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IA Advocates Happy for Voting-Rights Order, But Want More Action

Through various executive orders over the past 15 years, Iowa has seen several reversals of voting rights for people with past felony convictions. (Adobe Stock)
Through various executive orders over the past 15 years, Iowa has seen several reversals of voting rights for people with past felony convictions. (Adobe Stock)
August 6, 2020

DES MOINES, Iowa -- Iowa no longer is the last state to prohibit anyone with a past felony conviction from voting, after Gov. Kim Reynolds signed an order restoring those rights. But advocates for this group of voters feel it doesn't go far enough.

The executive order follows up on a promise Reynolds made earlier this year. It will allow tens of thousands of qualifying individuals to register to vote this November.

Black Lives Matter Des Moines was one of the groups pressuring Reynolds to take action. Organizer Jaylen Cavil said it's about time.

"It's been over 50 days since she told us she would do this, and we've been waiting, pushing every single day, waiting for any type of sign," Cavil said. "So, to see this, I guess I'm somewhat relieved. That day has finally come that she's actually followed through with her commitment."

But Cavil and other advocates say the order is watered down because it still prevents those with certain past convictions, such as manslaughter, from having their rights restored. It also doesn't apply to those still on parole or probation. Reynolds said the Legislature should take up the issue in a more comprehensive way by seeking a constitutional amendment.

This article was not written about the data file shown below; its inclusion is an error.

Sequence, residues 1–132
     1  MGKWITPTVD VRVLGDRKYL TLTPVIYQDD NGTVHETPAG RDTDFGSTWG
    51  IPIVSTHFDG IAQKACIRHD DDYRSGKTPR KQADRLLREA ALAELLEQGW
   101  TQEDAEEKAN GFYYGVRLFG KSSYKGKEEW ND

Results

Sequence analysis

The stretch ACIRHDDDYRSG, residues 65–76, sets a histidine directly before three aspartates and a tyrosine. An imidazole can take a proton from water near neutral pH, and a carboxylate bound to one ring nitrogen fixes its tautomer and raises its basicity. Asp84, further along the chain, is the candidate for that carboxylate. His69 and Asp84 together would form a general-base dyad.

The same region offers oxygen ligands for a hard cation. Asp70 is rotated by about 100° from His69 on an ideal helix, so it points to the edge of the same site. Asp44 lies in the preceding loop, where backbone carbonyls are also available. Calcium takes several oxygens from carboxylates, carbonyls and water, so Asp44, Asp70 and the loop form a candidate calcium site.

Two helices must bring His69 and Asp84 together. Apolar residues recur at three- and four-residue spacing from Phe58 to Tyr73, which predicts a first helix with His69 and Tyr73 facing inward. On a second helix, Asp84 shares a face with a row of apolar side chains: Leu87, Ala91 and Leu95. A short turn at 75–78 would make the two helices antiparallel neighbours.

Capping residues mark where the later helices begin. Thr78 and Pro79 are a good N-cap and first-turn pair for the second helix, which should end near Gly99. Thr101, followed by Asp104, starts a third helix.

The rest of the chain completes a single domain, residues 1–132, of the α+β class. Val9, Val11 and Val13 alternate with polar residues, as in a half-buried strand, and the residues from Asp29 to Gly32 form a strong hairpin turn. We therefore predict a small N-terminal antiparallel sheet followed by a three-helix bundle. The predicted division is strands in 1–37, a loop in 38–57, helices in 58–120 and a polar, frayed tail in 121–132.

Those demanding action say they would like to see that as well, but worry it could take a long time. In the meantime, Veronica Fowler, communications director for the American Civil Liberties Union of Iowa, said the executive order hopefully will bring more fairness when it comes to democracy.

"People of color are disproportionately incarcerated and arrested and convicted of crimes," Fowler said. "So, this helps move us forward in making our state a more equitable, just place."

Advocates were happy to see it does not include any provisions that require restitution. Black Lives Matter organizers said they have a lot of work ahead of them to try to help those who qualify under the order to get them into the voter registration system before November.


Support for this reporting was provided by Carnegie Corporation of New York.

Mike Moen, Public News Service - IA